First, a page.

Rejecting the Right God

If anyone is going to reject God, they should at least be sure to reject the right One (or ones).

It occurs to me that the “new atheists” are rejecting the wrong God (or gods, if you like). They are famous for saying that they don’t believe in the Christian God any more than they believe in Zeus or the Flying Spaghetti Monster, but does that make any sense?

Does anyone believe that a flying spaghetti monster or Zeus are possible competitors for the category, God of the universe? It seems to me that, if someone is going to reject God, they ought to be rejecting the right One (or ones). There aren’t that many contenders

Not all gods are “created equal”. Zeus or a “flying spaghetti monster” are not on a par the Christian concept of God, to say the very least. The same can be said of the Islamic view of God or any other major world religion view. The concept and “proofs” of God are much more sophisticated than the weak understanding displayed in a comment that likens them to flying spaghetti monsters and Roman mythology.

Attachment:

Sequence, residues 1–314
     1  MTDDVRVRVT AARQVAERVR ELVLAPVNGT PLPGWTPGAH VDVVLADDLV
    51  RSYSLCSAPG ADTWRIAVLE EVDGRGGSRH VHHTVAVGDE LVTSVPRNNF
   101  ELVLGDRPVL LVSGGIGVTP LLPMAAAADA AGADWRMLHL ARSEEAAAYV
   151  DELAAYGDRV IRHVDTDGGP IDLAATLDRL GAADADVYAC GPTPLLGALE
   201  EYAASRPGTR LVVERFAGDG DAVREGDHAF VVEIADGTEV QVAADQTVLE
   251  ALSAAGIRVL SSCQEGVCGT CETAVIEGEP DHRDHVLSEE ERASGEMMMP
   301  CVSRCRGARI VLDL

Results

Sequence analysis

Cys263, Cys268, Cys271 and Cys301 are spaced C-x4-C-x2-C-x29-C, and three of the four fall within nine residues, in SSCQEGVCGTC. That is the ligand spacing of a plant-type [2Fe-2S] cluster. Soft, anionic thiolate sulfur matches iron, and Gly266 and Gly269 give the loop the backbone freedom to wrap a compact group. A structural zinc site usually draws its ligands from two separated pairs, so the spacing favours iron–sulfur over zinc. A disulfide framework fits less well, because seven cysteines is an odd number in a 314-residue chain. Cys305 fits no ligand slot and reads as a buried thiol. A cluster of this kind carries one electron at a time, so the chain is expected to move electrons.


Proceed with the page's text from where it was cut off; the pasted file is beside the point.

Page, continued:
The ignorance of the new atheists about these things is rather shocking, though it shouldn’t be altogether surprising. They admit they find no use for such things as gods. Most of them have spent no time studying or considering a robust concept of the divine. The ignorance is, therefore, willful and inexcusable.

Anyone can knock a flying spaghetti monster out of the air. Try taking on the transcendent of God who created the universe. That’s a more noble task.